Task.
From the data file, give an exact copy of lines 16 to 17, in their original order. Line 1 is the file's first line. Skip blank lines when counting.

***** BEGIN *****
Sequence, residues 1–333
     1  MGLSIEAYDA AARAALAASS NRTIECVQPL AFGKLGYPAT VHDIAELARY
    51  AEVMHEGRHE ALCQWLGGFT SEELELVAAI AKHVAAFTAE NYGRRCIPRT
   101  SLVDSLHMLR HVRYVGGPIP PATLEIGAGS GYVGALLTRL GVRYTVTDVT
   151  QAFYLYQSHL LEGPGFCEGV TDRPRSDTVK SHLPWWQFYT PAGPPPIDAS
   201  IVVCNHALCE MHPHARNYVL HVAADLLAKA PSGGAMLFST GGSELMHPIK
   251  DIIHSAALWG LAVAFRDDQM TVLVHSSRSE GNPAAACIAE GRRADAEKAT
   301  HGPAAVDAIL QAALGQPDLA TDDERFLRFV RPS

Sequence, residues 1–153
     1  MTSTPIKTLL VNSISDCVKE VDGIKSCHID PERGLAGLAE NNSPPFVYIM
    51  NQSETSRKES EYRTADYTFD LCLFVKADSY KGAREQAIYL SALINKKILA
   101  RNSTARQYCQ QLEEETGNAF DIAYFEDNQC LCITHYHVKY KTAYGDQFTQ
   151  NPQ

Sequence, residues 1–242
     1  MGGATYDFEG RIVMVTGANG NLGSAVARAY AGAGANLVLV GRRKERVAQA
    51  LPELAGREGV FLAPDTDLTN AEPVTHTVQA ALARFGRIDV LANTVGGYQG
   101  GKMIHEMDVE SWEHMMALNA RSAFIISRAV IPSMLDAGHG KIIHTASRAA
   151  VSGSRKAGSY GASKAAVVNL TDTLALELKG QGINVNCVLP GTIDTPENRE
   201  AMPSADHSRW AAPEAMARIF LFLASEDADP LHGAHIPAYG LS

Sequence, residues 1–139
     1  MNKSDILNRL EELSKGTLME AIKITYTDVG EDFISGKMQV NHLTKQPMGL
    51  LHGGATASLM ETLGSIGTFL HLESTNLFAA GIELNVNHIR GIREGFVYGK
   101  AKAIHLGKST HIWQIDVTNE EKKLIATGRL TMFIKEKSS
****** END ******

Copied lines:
    51  LPELAGREGV FLAPDTDLTN AEPVTHTVQA ALARFGRIDV LANTVGGYQG
   101  GKMIHEMDVE SWEHMMALNA RSAFIISRAV IPSMLDAGHG KIIHTASRAA